Reconnaissance operations will be decisive for an Army organized at the brigade level for expeditionary operations. Because BCTs are ideally self-contained combat forces, the inherent expectation is that they will be capable of sustaining operations for extended periods of time. In a smaller Army, each BCT will need to be able to dominate a larger area of operations than they are expected to today. In the event of a crisis, deployed BCTs will likely need to seize and maintain the initiative while awaiting reinforcement. A cavalry force will aid the BCT in doing so. Protracted force deployments leading to large field armies may not arrive in a timely manner, which places the onus on initial forces. Political constraints may also limit the deployment of requested forces. Army BCTs, therefore, must be capable and flexible from their introduction in theater to mission completion.

Future deployment scenarios are more likely to look like they have over the last decade – smaller initial forces arriving in lieu of a large Desert Storm-style buildup. This means that BCTs are likely to be the central actors at the operational level of war, conducting campaigns with limited external support. For the BCT to prevail at the operational level, any of its endeavors must see it maintain the initiative and momentum of its operations.6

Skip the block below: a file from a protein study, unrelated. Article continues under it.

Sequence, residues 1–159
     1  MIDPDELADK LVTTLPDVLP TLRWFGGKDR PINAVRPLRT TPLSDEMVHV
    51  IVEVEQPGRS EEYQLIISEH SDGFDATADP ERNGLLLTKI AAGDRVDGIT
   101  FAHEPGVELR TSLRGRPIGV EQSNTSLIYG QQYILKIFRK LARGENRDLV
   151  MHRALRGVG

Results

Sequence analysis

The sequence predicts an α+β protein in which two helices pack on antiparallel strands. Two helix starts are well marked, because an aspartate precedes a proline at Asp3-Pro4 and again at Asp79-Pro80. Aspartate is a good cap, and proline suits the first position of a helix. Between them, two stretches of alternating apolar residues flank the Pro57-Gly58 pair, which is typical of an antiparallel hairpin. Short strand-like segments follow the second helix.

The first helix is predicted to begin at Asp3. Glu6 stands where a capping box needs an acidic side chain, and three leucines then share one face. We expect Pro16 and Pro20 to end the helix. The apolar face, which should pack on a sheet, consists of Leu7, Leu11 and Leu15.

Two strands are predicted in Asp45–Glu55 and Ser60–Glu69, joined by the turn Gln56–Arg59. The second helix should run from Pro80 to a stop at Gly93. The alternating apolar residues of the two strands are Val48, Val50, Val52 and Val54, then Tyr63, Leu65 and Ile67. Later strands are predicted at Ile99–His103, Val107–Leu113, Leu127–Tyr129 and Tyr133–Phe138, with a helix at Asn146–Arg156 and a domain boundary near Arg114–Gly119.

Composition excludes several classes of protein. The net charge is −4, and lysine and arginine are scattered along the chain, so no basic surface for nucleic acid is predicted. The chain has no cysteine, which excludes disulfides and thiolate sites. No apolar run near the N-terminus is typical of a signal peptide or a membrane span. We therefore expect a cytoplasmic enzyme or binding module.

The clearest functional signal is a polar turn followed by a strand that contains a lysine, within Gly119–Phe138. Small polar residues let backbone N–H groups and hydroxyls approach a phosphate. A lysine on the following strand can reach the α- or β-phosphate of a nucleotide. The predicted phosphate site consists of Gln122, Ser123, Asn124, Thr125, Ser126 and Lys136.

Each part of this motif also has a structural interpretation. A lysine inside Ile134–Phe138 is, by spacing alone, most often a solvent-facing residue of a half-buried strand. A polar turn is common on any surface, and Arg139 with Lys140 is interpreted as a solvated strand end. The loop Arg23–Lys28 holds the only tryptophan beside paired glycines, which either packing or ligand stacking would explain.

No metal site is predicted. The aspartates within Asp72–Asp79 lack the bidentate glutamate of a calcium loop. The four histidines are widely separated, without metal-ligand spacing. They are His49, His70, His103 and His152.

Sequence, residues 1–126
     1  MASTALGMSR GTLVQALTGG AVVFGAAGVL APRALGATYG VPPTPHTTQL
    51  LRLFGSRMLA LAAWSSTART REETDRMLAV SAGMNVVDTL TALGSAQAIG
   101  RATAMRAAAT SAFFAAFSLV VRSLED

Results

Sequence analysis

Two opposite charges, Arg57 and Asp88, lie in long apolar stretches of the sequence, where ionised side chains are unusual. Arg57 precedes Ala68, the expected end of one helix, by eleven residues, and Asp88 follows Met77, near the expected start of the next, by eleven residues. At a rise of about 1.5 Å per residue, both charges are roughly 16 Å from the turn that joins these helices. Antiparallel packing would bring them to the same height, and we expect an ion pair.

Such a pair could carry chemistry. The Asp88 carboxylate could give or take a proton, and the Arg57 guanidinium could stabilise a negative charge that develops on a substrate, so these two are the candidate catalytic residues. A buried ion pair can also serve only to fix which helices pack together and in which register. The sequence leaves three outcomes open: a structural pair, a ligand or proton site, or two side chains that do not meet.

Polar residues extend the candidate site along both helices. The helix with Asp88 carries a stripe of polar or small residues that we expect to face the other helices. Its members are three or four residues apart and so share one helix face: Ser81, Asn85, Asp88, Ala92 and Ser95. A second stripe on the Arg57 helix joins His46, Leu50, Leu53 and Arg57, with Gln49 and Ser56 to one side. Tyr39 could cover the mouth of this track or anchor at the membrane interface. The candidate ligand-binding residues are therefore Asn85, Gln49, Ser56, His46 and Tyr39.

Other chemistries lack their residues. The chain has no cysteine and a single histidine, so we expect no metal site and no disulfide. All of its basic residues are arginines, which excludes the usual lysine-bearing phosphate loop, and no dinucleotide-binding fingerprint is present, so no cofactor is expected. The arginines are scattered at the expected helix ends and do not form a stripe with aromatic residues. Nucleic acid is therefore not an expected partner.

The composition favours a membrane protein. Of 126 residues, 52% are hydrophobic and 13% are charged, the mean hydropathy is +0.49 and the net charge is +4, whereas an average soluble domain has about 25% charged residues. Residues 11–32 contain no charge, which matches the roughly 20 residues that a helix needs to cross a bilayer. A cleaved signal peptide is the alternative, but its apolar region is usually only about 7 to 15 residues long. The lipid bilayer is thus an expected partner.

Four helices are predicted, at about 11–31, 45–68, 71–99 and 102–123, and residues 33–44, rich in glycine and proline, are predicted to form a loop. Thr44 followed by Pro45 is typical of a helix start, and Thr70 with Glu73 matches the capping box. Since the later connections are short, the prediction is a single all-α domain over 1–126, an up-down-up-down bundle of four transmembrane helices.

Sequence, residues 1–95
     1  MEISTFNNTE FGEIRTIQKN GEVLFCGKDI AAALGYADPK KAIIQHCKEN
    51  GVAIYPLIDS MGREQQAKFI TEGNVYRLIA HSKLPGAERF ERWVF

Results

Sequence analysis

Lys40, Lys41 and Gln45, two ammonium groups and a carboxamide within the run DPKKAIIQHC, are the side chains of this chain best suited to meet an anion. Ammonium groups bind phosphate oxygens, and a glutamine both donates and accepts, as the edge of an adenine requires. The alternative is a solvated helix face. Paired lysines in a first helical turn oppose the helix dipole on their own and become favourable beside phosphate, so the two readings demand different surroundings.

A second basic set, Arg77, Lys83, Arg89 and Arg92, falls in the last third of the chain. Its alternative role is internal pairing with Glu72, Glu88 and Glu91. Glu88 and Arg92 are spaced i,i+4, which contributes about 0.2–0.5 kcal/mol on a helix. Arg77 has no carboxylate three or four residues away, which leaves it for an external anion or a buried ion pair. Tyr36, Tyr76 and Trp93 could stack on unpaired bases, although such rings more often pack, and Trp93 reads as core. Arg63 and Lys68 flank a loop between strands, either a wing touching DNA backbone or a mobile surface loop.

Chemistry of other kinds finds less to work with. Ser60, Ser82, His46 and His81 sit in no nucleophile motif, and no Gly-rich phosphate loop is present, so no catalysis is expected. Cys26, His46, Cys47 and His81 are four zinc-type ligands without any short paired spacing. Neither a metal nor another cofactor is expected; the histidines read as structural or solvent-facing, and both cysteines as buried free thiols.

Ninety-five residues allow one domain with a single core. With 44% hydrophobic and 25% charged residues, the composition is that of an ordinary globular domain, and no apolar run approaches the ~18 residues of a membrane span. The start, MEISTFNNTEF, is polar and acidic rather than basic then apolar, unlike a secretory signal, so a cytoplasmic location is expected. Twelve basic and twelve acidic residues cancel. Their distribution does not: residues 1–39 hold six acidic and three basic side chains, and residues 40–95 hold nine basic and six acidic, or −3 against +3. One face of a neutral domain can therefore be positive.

Smaller initial force deployments are likely in a political environment that seeks to limit U.S. involvement or due to force constraints. This is a trend likely to continue as the Army reduces its ranks. This is nothing new to the Army, as small force deployments have been relatively commonplace over the last generation of U.S. military operations. Beyond the small force deployments of Afghanistan in 2001-2002 and Iraq in 2003, there is more precedent for this in Somalia and the Balkans.7 Such deployments place a premium on cavalry forces that are capable of providing both area security and reconnaissance prior to, or in the absence of, the introduction of additional forces.